Surgical sealant in the prevention of early vein graft injury in an ex vivo model

W Stooker, H W M Niessen, E K Jansen, J Fritz, W R Wildevuur, V W M Van Hinsbergh, Ch R H Wildevuur, L Eijsman

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BACKGROUND: The amelioration of the adaptation process (arterialisation) of the vein graft wall to the arterial circulation in coronary artery bypass surgery by using extravascular support is clearly established in animal models and in in vitro and ex vivo set-ups. This support consists of some form of external graft-supporting modality like a prosthetic graft of stent. The clinical application of perivenous support, however, is hampered due to the fact that no easy applicable external support is available. Considering that application in the form of a spray is the most convenient modality, we evaluated whether polyethylene glycol is capable of providing adequate perivenous support. Polyethylene glycol is a synthetic, biodegradable product, used in cardiac surgery as a sealant, and is commercially available in the form of a spray.

METHODS: Segments of human saphenous vein graft obtained during coronary artery bypass graft (CABG) procedures were placed in an ex vivo model, a side loop of the extracorporeal perfusion circuit, and perfused with autologous blood, making the circumstances identical to the implanted saphenous vein grafts concerning pressure, temperature, level of complement and leukocyte activation and blood pressure. Alternately around every other study vein graft segment polyethylene glycol was applied. Unsupported grafts served as control. After 1 min of solidification, perfusion was started with a pressure of about 60 mmHg (nonpulsatile flow). Perfusion was maintained for 60 min, after which the grafts were collected for light microscopy and electron microscopy.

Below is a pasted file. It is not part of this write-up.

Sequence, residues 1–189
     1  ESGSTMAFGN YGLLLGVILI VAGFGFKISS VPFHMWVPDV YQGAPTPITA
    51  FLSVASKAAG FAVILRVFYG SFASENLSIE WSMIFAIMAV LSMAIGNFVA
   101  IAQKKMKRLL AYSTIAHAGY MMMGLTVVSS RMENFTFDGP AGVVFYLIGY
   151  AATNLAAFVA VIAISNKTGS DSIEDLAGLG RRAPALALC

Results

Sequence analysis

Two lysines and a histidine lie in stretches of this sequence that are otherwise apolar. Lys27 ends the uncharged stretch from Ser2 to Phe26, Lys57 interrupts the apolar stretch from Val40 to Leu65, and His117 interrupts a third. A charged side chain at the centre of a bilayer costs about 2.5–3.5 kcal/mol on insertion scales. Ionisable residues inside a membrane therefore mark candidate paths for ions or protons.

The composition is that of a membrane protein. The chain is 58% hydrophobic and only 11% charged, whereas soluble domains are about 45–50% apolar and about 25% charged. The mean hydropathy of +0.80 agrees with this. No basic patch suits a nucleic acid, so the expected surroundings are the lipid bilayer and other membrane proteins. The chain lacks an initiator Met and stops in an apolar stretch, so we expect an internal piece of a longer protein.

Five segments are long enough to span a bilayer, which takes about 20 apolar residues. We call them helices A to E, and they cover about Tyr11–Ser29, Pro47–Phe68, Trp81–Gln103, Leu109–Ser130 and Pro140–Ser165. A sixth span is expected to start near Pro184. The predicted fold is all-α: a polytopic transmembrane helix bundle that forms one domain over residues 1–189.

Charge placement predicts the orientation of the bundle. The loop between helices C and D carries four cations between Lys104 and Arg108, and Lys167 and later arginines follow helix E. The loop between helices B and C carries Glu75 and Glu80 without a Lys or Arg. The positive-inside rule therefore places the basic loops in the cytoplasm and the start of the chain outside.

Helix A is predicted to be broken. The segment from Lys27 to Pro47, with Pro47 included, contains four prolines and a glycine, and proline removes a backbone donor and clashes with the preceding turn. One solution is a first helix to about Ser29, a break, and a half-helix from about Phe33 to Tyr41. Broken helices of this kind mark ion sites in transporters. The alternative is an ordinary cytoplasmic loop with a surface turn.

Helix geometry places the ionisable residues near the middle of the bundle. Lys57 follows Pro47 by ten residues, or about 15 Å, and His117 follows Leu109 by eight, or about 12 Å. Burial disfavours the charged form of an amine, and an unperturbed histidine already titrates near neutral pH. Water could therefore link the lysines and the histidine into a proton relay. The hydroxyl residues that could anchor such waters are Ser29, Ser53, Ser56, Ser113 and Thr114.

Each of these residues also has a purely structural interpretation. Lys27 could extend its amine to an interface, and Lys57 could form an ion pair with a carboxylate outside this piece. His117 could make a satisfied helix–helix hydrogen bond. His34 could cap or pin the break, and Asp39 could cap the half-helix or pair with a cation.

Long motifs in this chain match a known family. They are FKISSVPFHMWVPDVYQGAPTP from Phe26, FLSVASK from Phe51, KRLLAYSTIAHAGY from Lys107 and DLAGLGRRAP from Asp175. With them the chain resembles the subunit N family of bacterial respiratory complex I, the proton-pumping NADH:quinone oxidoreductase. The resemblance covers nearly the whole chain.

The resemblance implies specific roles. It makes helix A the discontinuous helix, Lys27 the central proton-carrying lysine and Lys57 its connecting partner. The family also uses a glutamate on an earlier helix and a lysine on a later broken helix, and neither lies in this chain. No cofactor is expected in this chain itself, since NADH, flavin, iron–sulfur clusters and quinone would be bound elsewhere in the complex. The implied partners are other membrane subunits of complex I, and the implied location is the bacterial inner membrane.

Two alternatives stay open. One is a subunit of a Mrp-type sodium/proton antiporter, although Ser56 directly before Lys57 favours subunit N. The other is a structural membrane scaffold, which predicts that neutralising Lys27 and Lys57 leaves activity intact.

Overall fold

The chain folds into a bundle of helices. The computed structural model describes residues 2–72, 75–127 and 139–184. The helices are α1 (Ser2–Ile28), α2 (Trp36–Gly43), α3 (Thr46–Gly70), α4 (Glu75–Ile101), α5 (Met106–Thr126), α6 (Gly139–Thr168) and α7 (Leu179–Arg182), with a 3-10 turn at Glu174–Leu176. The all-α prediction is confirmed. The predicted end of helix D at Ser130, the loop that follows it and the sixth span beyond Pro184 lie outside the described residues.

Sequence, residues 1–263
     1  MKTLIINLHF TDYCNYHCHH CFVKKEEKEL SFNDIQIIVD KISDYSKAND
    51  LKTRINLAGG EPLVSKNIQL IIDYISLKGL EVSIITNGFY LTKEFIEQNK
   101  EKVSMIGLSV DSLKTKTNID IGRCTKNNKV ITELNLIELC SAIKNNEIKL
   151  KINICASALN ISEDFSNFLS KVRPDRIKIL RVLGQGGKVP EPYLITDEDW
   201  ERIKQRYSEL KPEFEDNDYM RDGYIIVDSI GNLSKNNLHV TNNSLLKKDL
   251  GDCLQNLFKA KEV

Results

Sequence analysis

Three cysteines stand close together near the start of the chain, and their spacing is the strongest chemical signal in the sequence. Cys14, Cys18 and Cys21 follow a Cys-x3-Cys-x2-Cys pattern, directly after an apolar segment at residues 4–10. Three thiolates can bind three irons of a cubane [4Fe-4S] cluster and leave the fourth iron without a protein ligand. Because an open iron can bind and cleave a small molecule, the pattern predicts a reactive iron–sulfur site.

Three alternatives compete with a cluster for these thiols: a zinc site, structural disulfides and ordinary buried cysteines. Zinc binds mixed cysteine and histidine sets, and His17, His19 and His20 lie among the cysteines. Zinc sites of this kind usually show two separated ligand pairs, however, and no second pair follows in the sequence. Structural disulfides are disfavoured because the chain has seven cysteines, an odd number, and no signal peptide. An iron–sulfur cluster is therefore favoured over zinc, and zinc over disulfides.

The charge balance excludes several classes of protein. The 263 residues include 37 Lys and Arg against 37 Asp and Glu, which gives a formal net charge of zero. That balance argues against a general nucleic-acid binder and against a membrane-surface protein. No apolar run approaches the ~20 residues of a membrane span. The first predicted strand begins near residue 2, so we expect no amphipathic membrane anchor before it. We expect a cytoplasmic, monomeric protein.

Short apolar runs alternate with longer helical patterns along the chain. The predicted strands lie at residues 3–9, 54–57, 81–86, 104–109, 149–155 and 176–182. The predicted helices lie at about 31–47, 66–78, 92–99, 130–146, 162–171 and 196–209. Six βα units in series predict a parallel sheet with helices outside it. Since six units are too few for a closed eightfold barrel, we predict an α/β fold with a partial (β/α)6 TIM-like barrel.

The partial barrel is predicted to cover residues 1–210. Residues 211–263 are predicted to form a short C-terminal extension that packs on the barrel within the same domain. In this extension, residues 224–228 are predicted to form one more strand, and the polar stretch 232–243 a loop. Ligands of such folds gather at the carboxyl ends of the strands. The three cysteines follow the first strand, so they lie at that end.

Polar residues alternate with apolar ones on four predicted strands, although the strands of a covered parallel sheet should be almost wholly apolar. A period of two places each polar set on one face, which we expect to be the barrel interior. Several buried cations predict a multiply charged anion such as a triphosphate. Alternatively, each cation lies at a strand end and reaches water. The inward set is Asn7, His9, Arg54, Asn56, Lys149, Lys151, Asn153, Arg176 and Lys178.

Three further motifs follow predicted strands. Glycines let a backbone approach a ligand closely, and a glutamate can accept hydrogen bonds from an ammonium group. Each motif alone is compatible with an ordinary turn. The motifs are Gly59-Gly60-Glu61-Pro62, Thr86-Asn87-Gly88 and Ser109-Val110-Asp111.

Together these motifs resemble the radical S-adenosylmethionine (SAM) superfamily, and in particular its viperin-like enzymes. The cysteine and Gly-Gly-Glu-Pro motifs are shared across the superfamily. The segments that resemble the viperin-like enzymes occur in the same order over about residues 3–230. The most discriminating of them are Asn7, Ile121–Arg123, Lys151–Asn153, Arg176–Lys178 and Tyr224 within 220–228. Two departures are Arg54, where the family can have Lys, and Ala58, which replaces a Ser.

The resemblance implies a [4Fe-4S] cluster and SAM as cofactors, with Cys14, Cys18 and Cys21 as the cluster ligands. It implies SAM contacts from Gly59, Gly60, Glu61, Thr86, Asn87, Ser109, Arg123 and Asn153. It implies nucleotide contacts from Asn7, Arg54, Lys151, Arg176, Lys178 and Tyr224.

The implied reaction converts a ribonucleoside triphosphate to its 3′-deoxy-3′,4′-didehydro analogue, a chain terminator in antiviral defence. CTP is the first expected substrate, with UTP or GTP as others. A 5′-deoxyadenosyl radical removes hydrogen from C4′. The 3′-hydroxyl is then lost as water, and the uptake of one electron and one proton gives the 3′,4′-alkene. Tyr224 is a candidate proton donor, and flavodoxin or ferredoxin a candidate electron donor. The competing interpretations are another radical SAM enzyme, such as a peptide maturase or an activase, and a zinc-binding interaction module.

RESULTS: Light microscopy and electron microscopy showed remarkable attenuation of endothelial cell loss and less injury of smooth muscle cells of the circular and longitudinal layer of the media in the supported group compared to the nonsupported vein graft segments.

CONCLUSION: Polyethylene glycol is able to provide adequate external vein graft support, preventing overdistension, in an ex vivo model. This provides a basis for clinical application. Further investigation is warranted to evaluate long-term effects.

Original languageEnglish
Pages (from-to)202-6
Number of pages5
JournalCardiovascular Pathology
Issue number4
Publication statusPublished - 27 Jun 2003

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